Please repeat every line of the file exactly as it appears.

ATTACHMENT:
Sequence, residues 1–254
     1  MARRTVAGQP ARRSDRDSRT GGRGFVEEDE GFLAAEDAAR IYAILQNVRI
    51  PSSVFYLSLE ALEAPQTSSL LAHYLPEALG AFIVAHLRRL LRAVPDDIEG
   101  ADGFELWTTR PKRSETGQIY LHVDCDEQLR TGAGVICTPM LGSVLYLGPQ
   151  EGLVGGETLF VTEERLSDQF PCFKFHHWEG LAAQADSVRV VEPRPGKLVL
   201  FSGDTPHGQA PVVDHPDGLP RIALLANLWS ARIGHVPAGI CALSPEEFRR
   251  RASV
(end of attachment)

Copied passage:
Sequence, residues 1–254
     1  MARRTVAGQP ARRSDRDSRT GGRGFVEEDE GFLAAEDAAR IYAILQNVRI
    51  PSSVFYLSLE ALEAPQTSSL LAHYLPEALG AFIVAHLRRL LRAVPDDIEG
   101  ADGFELWTTR PKRSETGQIY LHVDCDEQLR TGAGVICTPM LGSVLYLGPQ
   151  EGLVGGETLF VTEERLSDQF PCFKFHHWEG LAAQADSVRV VEPRPGKLVL
   201  FSGDTPHGQA PVVDHPDGLP RIALLANLWS ARIGHVPAGI CALSPEEFRR
   251  RASV